There is a veritable bonanza this spring for British music fans. Pick of the bunch is Steven Isserlis’s new recording of Elgar’s Cello Concerto.
Returning to the piece more than 25 years after his first recording, Isserlis is a little brisker this time in the last two movements, and digs a bit deeper throughout.
He wears his heart on his sleeve in his playing, and also in his ardent liner note, in which, among many interesting points, he slags off the conductor Albert Coates for leaving Elgar and his soloist no time to prepare the first outing of the Concerto.
It was a fiasco and Lady Elgar died, brokenhearted, just a few months later. Isserlis wryly observes that Coates should have been charged with her manslaughter!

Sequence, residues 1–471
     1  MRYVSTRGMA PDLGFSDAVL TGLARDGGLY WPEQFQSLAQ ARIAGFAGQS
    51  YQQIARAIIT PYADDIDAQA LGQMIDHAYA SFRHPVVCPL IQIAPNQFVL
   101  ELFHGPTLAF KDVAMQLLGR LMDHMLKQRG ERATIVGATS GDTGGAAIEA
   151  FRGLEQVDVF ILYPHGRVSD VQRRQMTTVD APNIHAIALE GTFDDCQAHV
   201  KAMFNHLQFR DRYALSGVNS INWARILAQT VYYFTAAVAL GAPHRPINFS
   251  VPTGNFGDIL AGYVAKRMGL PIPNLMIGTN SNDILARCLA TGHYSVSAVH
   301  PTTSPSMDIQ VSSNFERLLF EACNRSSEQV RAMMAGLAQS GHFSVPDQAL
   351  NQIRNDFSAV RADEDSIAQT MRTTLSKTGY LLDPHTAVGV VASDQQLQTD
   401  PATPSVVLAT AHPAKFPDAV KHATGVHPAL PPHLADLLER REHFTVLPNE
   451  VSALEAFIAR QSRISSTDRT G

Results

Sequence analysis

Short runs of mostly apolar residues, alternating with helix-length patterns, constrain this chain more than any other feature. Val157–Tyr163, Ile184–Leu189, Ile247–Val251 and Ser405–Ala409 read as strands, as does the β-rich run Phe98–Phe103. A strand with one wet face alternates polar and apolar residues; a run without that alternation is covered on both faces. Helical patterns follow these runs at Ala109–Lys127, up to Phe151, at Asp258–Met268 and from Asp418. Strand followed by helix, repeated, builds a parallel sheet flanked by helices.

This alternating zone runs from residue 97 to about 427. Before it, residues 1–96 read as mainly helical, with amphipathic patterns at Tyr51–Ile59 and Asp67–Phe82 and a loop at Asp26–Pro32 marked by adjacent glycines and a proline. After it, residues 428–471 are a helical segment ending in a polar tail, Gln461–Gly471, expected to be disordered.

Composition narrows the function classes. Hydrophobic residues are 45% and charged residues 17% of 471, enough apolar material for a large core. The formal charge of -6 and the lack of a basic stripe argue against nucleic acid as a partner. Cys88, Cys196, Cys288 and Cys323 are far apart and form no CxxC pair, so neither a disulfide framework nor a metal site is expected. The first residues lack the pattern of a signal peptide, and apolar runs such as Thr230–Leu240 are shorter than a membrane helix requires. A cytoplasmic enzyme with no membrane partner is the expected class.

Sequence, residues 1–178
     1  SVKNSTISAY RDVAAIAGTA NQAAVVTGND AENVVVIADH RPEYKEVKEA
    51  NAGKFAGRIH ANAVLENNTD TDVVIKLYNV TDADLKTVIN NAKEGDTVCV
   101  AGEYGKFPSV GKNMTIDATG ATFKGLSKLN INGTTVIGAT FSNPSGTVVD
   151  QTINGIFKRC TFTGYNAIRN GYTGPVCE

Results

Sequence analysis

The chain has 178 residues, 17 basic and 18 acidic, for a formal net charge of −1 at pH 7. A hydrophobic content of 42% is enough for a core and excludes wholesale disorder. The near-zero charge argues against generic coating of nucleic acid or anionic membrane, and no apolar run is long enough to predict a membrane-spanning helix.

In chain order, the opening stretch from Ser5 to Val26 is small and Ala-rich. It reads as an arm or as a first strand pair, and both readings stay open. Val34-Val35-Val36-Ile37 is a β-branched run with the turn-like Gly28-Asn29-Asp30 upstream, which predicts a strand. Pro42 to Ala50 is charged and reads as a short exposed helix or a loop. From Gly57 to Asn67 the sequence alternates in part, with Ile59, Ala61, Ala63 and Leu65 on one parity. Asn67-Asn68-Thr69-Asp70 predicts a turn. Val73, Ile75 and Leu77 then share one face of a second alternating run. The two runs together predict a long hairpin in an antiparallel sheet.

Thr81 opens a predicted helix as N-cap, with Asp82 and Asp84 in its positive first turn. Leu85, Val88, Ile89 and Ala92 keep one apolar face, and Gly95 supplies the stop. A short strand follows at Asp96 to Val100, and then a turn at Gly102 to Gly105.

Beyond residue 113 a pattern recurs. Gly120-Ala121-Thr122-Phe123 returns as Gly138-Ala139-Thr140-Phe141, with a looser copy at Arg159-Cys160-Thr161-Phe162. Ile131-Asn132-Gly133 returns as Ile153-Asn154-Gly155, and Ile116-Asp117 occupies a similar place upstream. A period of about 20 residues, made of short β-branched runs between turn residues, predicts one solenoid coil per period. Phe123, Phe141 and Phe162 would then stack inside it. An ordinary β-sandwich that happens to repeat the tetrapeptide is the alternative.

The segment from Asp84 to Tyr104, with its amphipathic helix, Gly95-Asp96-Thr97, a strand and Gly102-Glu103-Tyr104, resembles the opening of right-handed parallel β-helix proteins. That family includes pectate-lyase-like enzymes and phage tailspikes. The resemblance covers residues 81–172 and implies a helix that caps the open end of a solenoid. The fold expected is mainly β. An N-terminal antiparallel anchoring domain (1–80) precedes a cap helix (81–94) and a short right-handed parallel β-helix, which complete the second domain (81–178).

On this album conductor Paavo Järvi keeps the Philharmonia Orchestra on their toes throughout, in music that cannot be at all familiar to him.
Isserlis also finds room for a lovely performance of William Walton’s underrated Cello Concerto, and two novelties: Gustav Holst’s Invocation, which would surely be heard more often in the concert hall if it were longer, and Holst’s daughter Imogen’s The Fall Of The Leaf, which the young Isserlis played at her 70th birthday celebrations back in 1977.